In the metaphysical world, there is an abundance of tools to get clarity on all areas of your life. Two of these tools are Tarot Cards and Oracle Decks. Both have received some negative reactions for fear of conjuring unseen spirits or bad juju. But let’s put some perspective on using both the Tarot and Oracle cards and discern their differences.
Tarot and Oracle cards are made in a factory, just like every other product. They are not cursed or blessed during the process by any means. They are just paper cards with various designs and nothing else. Then they are shipped to retailers that sell them in their shops. Fear of the mystical arts and using Tarot cards come from not understanding how they work. But, there are also things you can do to protect yourself and ensure safety while doing a tarot reading.
Tarot cards are used to basically communicate with your higher self, your inner wisdom, your intuition, and your subconscious mind for spiritual development. The real danger is misinterpreting the cards or taking them literally which can lead to fear and apprehension. It’s a tool for self-exploration, not predictions. For safety, it’s all about your intention. Approach your tarot reading with a pure, good intention and positive, uplifting and clear energy. Don’t do a tarot reading after a bad day or if you’re feeling down. It’s important to clear your energy before doing a reading. You may also want to clear the energy of your deck by placing a quartz crystal on it overnight or you can burn sage with the intention it will cleanse your deck.
Tarot cards date back to the 15th century and regardless of pattern or images on the deck, they are all designed the same. They will always have 78 cards which consist of 22 Major Arcana and 56 Minor Arcana cards. Tarot cards are created with a fixed system and lexicon, so the cards will always have the same meaning.
Oracle cards, on the other hand, are created with a fluid system. Meaning that every deck will be completely different as they are channeled through the lens of the author who created them. Each will have its own design, theme, symbolic language, and unique set of cards. With this info all cleared up, now we can feel the freedom to use these tools to get direction on our life’s path.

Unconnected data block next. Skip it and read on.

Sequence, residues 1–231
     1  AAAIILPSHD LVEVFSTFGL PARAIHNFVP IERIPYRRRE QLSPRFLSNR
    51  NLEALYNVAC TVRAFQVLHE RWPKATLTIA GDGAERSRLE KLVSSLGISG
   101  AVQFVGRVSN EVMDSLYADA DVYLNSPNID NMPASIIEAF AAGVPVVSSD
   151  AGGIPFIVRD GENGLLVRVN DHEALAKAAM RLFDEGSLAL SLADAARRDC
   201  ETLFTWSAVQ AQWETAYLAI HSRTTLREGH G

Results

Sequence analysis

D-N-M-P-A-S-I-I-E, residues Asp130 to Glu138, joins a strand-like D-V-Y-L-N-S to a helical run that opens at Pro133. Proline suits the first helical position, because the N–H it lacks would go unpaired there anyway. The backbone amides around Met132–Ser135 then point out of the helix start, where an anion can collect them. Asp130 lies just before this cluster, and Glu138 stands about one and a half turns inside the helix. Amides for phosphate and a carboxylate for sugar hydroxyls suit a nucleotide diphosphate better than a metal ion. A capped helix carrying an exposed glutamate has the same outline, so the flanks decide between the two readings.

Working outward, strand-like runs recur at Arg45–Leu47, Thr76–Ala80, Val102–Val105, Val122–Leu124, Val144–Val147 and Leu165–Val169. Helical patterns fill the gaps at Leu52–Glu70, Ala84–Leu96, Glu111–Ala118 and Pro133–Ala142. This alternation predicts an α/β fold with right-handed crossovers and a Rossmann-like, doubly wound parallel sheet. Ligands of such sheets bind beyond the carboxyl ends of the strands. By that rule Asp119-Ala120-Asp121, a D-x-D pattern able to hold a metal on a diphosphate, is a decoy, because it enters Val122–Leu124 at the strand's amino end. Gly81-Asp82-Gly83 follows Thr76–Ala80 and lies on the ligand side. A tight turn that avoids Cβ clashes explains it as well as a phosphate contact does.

A Yogic Path Oracle Deck
The Yogic Path Oracle Deck is absolutely one of the loveliest decks I’ve seen. I was immediately attracted to its tranquil colors and ethereal imagery. The deck comes with a 128-page instruction book and 54 beautifully designed cards in a stunning box with a ribbon pull. The outer keepsake box has pretty mandala’s on the front, back and inside, and includes a personal message “May these cards bridge you to your highest self.” It also comes with a magnetic closure to secure everything inside.
The deck cards obviously have a strong Ayurveda – middle eastern influence. Their images are so beautiful with gilded edges and the instruction book features full-color photos with explanations for upright and reversed cards. The cards arrived in alphabetical order, but the instruction book divides them into 5 areas, Spirituality, Ayurveda, Chakras, Yoga and Deities. Each section has its own color which can be referenced quickly in the instruction book. As you work with these cards, you can discover more about yourself, uncover sacred meanings and tap into cosmic intuition.
The author of Neo Tarot, A Fresh Approach to Self-Care, Healing & Empowerment has modernized this ancient empowering tool into the 21st century. Its purpose is to show us how to use the cards, first and foremost, as healing tools for self-care, self-empowerment, and self-discovery.
The deck has of course 78 cards and the design is dark, matt and simple. It comes in a boxed set with an attached 144-page instruction book. Yes, the book is attached to the box, so when you read it, you have this annoying appendage tagging along. I did not like this feature at all. It’s awkward, restrictive, bulky to hold, doesn’t sit nice and you bumble around trying to turn the pages or flatten them to read. Not a clever design at all, so I actually cut my book off along the spine so it has a back. But, the tarot card deck is free from this poor design confinement.
The cards themselves have more modern images and shapes and are adorned with bright hues and vivid color blocks. The instruction book starts off with a manifesto and a brief history of the cards. It continues with caring for the cards and then jumps into card spreads. Each card features an image along with upright and reversed instructions. But, unique to this deck is instructions on self-care. So every time you draw a card, it will include guidance on self-reflection, self-care and so forth. It’s a really nice deck that fits well in your hands and is easy to shuffle and deal.
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